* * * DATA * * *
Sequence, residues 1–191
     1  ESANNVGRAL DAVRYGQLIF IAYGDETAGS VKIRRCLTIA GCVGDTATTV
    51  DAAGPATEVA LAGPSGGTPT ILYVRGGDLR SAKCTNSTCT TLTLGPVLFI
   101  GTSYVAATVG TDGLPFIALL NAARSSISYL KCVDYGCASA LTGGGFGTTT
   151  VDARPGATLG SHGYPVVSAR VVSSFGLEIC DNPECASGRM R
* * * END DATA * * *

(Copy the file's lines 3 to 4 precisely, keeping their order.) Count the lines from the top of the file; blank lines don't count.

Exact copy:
    51  DAAGPATEVA LAGPSGGTPT ILYVRGGDLR SAKCTNSTCT TLTLGPVLFI
   101  GTSYVAATVG TDGLPFIALL NAARSSISYL KCVDYGCASA LTGGGFGTTT